In April 2015, an inquest into the death of 18-year-old Greg Revell in Glen Parva YOI finished. Greg, a vulnerable young man showing vivid signs of previous self-harm, was sent to prison despite serious concerns about his mental wellbeing. In court he had shown great distress, crying as the judge sentenced him, while revealing visible marks around his neck following a recent suicide attempt.
Despite his agitated state, Greg was not placed under safeguarding procedures and was found hanging two days later. He was assessed by a number of staff members who all relied on his self-reporting, rather than making a full assessment based on all the facts about his known vulnerabilities. The jury's conclusions repeated a number of failures identified in previous inquests into the deaths of young people in Glen Parva. Greg is one of nine young people who have taken their own lives since 2010 - the most recent only a few weeks before Greg’s inquest started.
These cases show that such deaths are not isolated cases, but part of a worrying pattern across the prison estate. In 2014 the prison inspectorate delivered a series of damning reports on prison establishments. In Glen Parva, they found a regime characterised by bullying and endemic violence where nearly half the prisoners said they did not feel safe. Moreover their findings highlighted 'a direct link between the high levels of bullying and…self-harm where the risk of suicide or self-harm had increased by 32 per cent'. Meanwhile in other prisons, such as HMP Altcourse, there was evidence of prisoners forcing their way into segregation to escape the violence of the ordinary cellblock.
Based on its long-standing work with the families of children and young people who have died in prison, INQUEST launched an evidence-based report, Stolen Lives and Missed Opportunities: The deaths of young adults and children in prison. The report reflects the findings of INQUEST’s casework and documents the deaths of 65 young people and children in prison during 2011 and 2014. 62 of these young people were aged 18-24 years and three were children, two 17, one only 15. 83 per cent of the deaths were classified as self-inflicted, while the majority died in adult prisons – institutions not designed to cater to the distinct needs of a young age group.
Failures in the care, treatment and rehabilitation of young prisoners continue to be widespread and pervasive features of the prison estate. Behind the deaths is a litany of systemic failings, institutional complacency and short-sighted policies, which fail to address the multiple social disadvantage of those who enter prison. Based on a further analysis of the prisoners who died, 70 per cent had mental health issues, which included unresolved issues relating to childhood bereavement or abuse. 49 per cent had self-harmed previously. 30 per cent were care leavers, or had suffered some kind of family breakdown which required them to live apart from their family home. And 23 per cent had special needs or learning difficulties, whilst 34 per cent had problems with alcohol and drug misuse.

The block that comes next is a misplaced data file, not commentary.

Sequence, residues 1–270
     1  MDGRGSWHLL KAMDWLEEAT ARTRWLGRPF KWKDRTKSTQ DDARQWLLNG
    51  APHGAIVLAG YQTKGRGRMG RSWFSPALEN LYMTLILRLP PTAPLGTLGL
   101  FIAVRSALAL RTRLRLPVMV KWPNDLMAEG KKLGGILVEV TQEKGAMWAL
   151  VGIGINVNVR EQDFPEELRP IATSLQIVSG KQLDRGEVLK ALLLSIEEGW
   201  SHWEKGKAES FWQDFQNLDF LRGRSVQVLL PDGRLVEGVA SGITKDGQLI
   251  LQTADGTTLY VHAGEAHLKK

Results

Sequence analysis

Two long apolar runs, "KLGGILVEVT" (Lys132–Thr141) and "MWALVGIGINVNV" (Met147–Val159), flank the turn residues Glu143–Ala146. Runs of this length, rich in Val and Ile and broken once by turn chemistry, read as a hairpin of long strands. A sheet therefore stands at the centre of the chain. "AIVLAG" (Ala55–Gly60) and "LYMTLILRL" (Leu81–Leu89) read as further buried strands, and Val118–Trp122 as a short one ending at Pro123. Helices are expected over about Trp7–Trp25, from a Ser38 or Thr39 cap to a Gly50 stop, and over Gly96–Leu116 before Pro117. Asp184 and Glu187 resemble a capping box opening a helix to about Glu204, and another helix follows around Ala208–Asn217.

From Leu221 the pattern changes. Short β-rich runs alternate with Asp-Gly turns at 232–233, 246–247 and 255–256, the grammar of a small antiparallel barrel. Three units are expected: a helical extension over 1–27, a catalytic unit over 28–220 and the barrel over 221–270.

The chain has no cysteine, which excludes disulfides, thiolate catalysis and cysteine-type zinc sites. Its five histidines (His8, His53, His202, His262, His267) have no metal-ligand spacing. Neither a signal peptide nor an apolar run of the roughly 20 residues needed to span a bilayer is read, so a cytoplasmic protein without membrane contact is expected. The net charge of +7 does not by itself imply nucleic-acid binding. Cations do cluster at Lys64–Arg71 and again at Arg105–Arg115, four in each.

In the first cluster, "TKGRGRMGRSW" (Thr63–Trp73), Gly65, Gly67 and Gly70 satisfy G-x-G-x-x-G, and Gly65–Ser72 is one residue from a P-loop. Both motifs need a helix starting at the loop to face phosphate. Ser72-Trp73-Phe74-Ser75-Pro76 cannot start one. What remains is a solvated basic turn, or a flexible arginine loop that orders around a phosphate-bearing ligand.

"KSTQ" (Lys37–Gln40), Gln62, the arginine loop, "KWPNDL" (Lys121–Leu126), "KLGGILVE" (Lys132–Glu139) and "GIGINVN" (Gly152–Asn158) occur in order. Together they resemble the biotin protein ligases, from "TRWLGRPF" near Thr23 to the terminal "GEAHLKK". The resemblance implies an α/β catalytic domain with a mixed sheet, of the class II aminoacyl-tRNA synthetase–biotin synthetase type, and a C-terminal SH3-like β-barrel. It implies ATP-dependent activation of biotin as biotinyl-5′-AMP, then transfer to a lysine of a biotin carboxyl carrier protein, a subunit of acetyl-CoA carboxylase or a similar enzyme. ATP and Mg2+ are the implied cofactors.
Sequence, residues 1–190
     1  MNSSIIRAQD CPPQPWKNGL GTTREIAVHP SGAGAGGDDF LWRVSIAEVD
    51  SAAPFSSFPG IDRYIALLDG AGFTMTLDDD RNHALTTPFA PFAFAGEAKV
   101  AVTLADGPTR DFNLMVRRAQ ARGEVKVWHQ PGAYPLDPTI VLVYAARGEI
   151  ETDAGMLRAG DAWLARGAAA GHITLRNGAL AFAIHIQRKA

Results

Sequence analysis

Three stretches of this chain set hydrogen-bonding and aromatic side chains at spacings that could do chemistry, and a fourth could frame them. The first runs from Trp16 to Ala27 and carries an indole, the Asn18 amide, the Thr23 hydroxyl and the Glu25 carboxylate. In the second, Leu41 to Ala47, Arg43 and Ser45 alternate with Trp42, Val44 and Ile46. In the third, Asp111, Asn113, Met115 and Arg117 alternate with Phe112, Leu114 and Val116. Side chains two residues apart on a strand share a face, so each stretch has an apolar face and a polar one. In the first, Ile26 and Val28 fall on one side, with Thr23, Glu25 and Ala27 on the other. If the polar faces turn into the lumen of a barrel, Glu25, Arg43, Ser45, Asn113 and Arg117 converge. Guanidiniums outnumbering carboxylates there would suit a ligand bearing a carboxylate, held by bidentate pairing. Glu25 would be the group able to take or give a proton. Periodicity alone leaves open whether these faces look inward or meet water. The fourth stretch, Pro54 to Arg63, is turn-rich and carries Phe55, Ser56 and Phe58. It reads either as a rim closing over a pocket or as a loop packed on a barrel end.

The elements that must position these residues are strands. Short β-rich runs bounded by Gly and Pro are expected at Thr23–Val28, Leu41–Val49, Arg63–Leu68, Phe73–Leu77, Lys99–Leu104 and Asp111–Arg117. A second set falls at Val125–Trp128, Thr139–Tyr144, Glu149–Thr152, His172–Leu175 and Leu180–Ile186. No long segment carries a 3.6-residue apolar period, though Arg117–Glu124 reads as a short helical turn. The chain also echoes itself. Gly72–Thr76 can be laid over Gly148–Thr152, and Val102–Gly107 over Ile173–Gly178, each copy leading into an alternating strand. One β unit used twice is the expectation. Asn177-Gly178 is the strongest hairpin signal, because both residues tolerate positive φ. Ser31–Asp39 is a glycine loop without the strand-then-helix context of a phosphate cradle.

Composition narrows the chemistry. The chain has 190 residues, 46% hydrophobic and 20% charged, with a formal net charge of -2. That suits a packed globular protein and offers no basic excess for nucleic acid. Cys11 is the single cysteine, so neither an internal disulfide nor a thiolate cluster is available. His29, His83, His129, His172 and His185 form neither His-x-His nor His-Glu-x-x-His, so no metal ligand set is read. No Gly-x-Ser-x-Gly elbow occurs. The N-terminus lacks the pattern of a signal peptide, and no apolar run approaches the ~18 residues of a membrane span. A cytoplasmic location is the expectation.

Central to our findings was the abysmal lack of early intervention services, such as mental health support and social service provision, meaning a large number of young people were being unnecessarily pulled into the criminal system. Imprisonment further exacerbated the existing vulnerabilities of this marginalised group. The onslaught of budgetary cuts and punitive measures meant that young people were being placed in unsafe institutions, with scarce resources and staff untrained to deal with their complex needs.
The prison system has become a repository for failed social policies in education, social care and healthcare. Moreover, prison is an ineffective and expensive intervention that does not work, as demonstrated by high reconviction rates. According to the Ministry of Justice's September 2011 figures, 18–20 year olds had a re-offending rate of 56.1 per cent. This high re-offending rate fails both victims and communities.
Despite the mounting evidence highlighting the damaging effects of imprisonment, we have yet to see a political boldness and a willingness to implement evidence-based change. Countless inquest and investigation findings reveal a pattern of institutional and policy failings, accompanied by an unacceptable culture of complacency which has contributed to the deaths.
Not only is accountability needed for institutions which fail to protect those under their care, but we need a youth-focused and humane approach, both inside and outside the criminal justice system. We need a reallocation and redirection of resources towards community based alternatives. This would help to mitigate the effects of poverty, social exclusion and early life trauma which are commonly found among prisoners. Without radically rethinking the way in which we respond to young people in conflict with the law, these deaths will continue to shame our prison system and society.
You can read INQUEST's full report Stolen Lives and Missed Opportunities about the deaths of young people and children in prison.